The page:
FLICKR, JEDIBFAAnalysis of data from women living centuries ago in Finland shows that the risk of death increased by about 7 percent for each son she bore, according to a study published yesterday (February 27) in Biology Letters. In contrast, the data show that women in these pre-industrial communities would live longer if they had girls, although that observation was not statistically significant.
Several theories have been put forth that could explain the effect, which the same group had reported in an earlier study. Girls may have been expected to relieve the load of housework on a mother, whereas multiple boys were more likely to add to it. Others hypothesize that boys took more energy to birth and breastfeed because they were usually born slightly larger than girls. However, none of these ideas have been proven. “The relative importance of biological versus cultural factors remains an open question,” first author Samuli Helle told Nature.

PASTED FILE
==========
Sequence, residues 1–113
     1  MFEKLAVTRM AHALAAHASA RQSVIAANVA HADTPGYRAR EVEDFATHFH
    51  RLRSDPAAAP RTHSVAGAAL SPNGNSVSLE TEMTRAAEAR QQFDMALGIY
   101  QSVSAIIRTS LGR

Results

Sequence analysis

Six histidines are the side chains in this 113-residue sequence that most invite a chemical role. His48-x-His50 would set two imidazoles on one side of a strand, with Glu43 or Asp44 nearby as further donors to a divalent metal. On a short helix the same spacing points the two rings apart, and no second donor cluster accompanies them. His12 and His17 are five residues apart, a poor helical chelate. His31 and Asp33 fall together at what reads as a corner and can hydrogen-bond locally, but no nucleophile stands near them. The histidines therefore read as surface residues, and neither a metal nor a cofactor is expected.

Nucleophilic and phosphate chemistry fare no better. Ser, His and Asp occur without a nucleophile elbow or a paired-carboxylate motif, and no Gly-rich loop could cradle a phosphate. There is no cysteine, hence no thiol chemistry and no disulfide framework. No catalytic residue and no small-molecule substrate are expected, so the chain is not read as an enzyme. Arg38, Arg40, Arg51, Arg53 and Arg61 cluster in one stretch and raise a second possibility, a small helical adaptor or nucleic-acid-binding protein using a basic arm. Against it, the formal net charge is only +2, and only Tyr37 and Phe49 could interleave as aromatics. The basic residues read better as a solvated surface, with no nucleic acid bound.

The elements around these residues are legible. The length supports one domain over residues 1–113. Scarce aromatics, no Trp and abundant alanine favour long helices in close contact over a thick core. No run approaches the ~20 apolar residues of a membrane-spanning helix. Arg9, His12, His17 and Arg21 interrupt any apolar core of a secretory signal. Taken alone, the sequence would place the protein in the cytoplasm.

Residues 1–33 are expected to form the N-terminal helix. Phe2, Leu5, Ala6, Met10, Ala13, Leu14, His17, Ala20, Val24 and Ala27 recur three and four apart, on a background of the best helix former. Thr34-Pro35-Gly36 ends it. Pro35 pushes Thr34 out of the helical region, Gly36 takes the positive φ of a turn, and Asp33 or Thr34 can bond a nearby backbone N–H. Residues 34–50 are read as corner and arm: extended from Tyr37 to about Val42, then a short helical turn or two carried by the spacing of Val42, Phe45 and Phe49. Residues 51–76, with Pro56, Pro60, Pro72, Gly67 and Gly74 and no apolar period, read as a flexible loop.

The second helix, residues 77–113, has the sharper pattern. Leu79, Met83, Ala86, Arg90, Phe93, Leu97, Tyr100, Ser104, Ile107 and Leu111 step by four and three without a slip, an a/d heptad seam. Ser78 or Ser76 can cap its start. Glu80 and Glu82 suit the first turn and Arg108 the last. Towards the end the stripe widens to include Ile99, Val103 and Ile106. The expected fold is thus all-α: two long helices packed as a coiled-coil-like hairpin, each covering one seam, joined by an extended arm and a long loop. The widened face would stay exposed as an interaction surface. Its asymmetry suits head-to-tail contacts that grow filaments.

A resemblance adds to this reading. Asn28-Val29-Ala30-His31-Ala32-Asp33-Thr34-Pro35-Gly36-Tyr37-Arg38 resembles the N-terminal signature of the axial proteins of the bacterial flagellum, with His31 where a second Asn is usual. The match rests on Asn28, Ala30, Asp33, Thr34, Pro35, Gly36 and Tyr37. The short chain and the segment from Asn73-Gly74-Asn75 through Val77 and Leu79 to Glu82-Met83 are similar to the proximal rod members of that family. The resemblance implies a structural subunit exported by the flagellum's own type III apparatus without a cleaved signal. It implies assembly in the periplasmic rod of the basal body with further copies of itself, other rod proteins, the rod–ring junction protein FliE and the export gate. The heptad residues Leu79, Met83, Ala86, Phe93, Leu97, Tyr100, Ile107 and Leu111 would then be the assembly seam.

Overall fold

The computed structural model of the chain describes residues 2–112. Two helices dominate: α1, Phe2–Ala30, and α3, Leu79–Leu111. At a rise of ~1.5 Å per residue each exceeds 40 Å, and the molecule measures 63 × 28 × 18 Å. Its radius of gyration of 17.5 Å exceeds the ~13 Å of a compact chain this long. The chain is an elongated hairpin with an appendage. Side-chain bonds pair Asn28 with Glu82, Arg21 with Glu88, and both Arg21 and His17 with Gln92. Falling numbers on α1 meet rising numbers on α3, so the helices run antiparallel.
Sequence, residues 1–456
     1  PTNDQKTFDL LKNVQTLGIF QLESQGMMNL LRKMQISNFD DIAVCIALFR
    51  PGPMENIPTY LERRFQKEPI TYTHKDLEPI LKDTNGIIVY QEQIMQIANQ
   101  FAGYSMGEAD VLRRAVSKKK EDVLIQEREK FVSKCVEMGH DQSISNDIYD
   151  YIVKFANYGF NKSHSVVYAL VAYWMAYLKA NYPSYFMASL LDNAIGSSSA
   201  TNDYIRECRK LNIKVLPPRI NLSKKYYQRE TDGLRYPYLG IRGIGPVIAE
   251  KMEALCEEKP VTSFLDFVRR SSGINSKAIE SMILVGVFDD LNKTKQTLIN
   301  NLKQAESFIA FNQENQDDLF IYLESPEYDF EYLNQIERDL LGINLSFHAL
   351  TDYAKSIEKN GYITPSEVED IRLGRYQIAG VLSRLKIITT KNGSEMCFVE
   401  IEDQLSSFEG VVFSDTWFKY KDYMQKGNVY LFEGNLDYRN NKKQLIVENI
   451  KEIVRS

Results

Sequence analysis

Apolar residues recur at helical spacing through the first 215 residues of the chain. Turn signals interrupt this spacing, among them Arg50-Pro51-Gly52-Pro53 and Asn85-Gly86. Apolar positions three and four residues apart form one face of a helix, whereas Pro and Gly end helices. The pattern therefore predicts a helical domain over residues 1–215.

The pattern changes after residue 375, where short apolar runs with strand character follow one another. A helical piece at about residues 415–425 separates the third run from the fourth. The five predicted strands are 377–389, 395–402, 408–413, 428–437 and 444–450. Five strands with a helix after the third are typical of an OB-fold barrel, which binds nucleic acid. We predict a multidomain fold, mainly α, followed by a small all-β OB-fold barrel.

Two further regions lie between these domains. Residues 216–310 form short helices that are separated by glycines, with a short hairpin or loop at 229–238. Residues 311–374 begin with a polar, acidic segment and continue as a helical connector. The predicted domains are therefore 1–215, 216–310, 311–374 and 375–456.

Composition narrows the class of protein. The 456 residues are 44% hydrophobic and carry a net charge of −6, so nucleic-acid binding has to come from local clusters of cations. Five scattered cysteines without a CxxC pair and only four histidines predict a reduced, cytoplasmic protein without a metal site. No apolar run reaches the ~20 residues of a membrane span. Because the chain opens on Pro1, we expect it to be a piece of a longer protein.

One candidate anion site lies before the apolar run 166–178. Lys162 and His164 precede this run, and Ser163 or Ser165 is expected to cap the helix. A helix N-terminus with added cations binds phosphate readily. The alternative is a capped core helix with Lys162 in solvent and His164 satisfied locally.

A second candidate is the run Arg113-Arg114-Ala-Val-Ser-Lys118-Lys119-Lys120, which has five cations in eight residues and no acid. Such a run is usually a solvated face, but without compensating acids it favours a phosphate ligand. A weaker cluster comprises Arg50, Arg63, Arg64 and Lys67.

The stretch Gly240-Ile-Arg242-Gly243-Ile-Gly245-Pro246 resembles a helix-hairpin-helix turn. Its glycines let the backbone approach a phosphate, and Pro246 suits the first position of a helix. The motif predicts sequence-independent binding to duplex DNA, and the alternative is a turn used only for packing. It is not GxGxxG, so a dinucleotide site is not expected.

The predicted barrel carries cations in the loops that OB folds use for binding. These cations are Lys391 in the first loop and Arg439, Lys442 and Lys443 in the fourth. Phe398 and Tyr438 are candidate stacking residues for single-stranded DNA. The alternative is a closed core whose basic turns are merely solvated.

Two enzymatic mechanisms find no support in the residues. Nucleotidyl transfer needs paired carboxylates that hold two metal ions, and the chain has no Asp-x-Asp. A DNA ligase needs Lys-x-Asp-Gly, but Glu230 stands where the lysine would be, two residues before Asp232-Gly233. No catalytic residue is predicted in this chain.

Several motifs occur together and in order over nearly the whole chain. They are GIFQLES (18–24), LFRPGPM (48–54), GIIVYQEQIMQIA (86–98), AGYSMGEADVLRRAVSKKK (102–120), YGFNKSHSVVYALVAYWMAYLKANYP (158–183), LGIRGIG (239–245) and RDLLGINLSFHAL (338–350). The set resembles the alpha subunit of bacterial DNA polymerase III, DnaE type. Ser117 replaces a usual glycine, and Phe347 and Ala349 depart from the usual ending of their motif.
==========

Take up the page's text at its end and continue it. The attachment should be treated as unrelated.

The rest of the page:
Other researchers, however, remain unconvinced that there is difference in lifespan mothers of boys and mothers of girls at all. “We have never been able to replicate their results," Erik Lindqvist of the Research Institute of Industrial Economics in Stockholm, who studies lifespan and births in Sweden, told Nature.